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Leg Muscle Responses to Stimulation by TASERŪ Conducted Energy Weapons: Similarities with Voluntary Muscle Contractions during Exercise, pp. 169-179 $0.00
Authors:  (James R. Jauchem, Senior Research Physiologist, U.S. Air Force Research Laboratory, 711th Human Performance Wing, Human Effectiveness Directorate, Directed Energy Bio-Effects Division, Brooks City-Base, Texas)
Abstract:
TASER conducted energy weapons (CEWs) cause incapacitation due to leg muscle
contraction resulting in ―gravitational dysreflexia (i.e. fall to the ground), and loss of
ability to perform coordinated action for the duration of the impulse‖ [Stratbucker et al.
2006]. Normal postural reflexes are not able to overcome the loss of muscle control. In
this commentary, explanations are provided regarding differences or similarities between
skeletal muscle responses to voluntary muscle contraction (or exercise) and electricallyinduced
muscle contraction (such as that occurring during CEW applications). A
quadruped (Sus scrofa) model is noted to be satisfactory for comparison with humans.
Although muscle-contraction responses to CEW applications generally bypass volition,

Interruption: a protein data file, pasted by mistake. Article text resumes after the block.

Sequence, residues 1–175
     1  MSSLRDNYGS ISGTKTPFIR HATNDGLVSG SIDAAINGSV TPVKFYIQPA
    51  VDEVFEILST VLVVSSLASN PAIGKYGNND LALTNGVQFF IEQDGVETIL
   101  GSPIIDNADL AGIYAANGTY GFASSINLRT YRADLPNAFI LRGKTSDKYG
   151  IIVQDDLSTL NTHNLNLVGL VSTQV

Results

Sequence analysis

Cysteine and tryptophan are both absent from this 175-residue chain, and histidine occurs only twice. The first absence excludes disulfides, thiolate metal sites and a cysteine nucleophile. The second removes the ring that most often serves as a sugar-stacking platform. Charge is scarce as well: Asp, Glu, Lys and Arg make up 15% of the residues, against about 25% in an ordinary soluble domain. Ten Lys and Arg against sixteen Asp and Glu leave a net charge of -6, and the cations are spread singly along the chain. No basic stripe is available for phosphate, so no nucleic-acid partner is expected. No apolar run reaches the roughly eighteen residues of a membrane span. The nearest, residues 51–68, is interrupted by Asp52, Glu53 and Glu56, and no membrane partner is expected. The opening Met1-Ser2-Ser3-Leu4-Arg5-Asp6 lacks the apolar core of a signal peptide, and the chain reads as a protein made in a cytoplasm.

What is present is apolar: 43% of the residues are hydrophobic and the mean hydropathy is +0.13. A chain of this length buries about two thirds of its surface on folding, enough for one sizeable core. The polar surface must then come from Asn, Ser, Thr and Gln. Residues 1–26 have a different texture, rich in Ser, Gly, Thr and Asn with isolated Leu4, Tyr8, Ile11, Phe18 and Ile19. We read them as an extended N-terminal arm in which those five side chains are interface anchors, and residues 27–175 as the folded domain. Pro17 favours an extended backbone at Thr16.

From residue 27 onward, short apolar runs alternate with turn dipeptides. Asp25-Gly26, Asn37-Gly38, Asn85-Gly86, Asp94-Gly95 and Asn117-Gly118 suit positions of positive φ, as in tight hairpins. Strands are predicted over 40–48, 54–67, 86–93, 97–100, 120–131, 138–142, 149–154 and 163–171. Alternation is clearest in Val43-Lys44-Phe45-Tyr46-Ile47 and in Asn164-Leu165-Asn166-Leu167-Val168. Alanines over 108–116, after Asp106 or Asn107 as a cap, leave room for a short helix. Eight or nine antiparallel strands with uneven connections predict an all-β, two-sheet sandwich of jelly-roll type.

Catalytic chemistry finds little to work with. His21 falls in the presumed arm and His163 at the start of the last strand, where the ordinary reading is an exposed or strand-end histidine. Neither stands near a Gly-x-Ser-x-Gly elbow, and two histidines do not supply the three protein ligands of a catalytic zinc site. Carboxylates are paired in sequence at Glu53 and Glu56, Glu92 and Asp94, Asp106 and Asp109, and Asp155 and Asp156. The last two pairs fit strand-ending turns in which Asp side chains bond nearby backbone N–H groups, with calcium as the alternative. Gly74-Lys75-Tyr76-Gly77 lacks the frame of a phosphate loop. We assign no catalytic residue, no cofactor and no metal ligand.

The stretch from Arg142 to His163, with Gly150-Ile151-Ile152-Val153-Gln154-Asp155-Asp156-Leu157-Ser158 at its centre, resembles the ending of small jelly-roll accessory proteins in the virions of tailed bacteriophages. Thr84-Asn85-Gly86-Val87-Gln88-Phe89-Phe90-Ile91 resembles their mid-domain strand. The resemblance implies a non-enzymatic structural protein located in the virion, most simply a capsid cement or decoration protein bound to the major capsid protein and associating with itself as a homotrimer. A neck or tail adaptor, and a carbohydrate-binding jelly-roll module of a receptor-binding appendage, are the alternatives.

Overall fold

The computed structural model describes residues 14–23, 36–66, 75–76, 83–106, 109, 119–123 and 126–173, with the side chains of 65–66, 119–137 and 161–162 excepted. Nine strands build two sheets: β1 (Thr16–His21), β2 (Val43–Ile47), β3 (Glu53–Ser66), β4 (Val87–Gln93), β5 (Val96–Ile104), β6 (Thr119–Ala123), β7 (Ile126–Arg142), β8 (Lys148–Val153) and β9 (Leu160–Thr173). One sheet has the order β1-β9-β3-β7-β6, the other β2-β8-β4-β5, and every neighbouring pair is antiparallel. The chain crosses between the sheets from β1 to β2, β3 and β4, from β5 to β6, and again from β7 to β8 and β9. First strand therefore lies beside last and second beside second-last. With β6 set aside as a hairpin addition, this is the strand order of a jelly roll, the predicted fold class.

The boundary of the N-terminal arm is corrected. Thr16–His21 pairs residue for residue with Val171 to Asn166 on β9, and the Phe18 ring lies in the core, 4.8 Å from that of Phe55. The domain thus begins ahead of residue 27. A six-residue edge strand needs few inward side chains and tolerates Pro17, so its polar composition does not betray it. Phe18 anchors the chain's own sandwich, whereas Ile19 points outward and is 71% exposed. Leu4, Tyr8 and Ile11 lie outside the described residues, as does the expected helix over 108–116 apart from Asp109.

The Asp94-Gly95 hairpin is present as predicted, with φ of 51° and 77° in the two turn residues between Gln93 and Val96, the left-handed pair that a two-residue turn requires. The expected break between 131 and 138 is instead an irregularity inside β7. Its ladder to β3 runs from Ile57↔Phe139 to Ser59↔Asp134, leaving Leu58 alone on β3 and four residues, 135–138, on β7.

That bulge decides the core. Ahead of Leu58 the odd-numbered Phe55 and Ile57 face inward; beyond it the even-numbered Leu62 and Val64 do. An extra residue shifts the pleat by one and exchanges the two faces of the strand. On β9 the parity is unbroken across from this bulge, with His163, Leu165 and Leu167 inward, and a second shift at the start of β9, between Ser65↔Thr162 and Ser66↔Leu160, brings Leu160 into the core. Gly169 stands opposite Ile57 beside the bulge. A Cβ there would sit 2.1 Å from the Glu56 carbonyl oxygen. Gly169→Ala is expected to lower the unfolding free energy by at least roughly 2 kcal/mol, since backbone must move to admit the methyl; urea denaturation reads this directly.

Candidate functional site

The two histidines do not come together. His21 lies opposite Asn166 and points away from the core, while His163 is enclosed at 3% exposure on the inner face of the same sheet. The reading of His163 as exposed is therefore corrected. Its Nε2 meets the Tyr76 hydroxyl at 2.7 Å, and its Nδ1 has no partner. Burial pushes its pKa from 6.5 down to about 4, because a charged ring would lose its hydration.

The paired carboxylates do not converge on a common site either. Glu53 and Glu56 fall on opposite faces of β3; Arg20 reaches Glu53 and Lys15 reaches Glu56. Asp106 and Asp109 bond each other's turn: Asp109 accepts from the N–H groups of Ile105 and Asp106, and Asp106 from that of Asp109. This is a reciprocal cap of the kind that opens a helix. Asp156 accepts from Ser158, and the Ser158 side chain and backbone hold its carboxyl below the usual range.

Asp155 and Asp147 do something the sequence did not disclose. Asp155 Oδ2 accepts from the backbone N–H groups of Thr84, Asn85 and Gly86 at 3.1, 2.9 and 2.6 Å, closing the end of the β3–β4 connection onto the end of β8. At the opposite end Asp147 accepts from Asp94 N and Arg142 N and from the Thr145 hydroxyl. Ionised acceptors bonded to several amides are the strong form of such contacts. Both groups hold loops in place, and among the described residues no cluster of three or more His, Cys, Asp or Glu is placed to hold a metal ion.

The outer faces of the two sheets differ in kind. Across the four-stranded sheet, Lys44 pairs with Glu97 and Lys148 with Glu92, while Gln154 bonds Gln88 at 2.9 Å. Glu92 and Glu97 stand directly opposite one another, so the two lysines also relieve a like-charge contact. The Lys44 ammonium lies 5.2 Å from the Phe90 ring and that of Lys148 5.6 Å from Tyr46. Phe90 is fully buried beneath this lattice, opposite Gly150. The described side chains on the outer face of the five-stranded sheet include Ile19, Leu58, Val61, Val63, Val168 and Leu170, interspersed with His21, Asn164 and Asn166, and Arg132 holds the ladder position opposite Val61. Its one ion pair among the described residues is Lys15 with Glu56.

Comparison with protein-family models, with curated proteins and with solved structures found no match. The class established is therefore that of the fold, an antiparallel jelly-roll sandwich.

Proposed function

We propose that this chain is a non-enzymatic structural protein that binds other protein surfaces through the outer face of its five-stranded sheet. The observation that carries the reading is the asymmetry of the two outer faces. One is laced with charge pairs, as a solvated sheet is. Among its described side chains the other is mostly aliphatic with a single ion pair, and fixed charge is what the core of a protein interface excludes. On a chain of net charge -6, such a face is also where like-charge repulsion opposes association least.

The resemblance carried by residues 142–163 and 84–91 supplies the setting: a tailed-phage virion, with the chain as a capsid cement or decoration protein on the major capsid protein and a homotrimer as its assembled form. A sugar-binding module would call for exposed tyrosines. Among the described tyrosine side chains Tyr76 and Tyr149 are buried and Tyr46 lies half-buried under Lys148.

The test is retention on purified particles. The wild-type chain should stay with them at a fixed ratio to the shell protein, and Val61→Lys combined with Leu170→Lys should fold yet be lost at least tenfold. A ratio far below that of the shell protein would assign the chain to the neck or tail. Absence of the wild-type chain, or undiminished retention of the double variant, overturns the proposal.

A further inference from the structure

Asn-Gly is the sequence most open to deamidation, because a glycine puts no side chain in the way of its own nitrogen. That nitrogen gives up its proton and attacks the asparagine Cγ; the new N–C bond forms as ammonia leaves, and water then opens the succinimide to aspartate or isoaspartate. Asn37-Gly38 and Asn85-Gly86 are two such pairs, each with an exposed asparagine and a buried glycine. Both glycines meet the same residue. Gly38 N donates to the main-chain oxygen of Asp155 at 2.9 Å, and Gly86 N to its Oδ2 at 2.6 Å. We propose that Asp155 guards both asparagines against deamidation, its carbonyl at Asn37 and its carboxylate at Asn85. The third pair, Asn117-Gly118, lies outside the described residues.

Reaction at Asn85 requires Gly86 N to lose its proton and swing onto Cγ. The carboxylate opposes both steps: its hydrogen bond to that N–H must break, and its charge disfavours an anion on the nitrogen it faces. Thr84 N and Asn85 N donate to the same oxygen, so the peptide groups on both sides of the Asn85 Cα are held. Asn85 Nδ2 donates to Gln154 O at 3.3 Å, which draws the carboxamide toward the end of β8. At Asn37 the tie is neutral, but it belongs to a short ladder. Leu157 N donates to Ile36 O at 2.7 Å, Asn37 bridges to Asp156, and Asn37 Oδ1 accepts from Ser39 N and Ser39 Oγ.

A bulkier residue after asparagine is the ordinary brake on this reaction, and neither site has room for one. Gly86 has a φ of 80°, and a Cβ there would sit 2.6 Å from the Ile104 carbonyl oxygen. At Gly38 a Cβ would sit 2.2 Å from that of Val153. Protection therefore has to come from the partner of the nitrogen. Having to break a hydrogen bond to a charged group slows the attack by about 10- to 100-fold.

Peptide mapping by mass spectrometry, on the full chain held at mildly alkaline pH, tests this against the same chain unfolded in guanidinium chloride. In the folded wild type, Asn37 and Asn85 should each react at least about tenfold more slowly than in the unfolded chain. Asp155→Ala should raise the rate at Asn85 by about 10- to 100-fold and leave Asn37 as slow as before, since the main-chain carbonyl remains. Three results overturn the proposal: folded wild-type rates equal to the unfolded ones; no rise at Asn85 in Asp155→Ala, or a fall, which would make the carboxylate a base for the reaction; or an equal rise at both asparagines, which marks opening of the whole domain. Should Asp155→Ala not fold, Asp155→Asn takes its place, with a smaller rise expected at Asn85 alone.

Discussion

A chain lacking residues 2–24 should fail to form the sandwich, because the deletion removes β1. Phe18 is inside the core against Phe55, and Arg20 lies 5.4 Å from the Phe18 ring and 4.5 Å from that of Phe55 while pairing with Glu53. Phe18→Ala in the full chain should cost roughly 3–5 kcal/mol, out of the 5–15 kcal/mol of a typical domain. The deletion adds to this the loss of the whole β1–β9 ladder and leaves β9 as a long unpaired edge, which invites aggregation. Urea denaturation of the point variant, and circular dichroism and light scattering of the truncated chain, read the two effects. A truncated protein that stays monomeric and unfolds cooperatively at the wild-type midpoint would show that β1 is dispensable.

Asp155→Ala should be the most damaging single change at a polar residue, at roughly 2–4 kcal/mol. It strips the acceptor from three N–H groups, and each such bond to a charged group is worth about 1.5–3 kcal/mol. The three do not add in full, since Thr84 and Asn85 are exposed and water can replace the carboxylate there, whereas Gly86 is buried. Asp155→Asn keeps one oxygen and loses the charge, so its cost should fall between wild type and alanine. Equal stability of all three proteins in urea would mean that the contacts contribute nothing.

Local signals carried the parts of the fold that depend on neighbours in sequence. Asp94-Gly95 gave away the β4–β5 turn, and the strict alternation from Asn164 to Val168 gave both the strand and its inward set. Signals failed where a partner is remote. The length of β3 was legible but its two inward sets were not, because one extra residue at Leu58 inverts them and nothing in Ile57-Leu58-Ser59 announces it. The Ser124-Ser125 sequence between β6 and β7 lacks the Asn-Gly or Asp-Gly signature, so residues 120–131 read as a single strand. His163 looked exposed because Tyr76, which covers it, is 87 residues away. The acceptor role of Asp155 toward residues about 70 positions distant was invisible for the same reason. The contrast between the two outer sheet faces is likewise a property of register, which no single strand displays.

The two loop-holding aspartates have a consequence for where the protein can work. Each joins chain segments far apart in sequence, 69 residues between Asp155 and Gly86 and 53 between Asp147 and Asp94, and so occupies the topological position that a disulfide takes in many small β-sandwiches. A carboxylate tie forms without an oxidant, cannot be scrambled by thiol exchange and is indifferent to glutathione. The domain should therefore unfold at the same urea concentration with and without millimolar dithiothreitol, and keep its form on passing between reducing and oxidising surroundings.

some aspects of CEW responses are analogous to changes during exercise. In spite of
some differences in the details of recruitment patterns of muscle motor units, there are
also many similarities between electrical stimulation at high levels and the voluntary
muscle action occurring during exercise. These modes of muscle contraction can result in
some comparable physiological changes. Because of these similarities, knowledge of
previous studies of exercise/muscle contraction may be relevant to responses during
CEW applications. Potential muscle injuries after CEW applications may resemble
injuries after exercise, on the basis of measured increases in total plasma creatinine
phosphokinase (CPK), the CPK-MM isoenzyme fraction, and myoglobin. 


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Leg Muscle Responses to Stimulation by TASERŪ Conducted Energy Weapons: Similarities with Voluntary Muscle Contractions during Exercise, pp. 169-179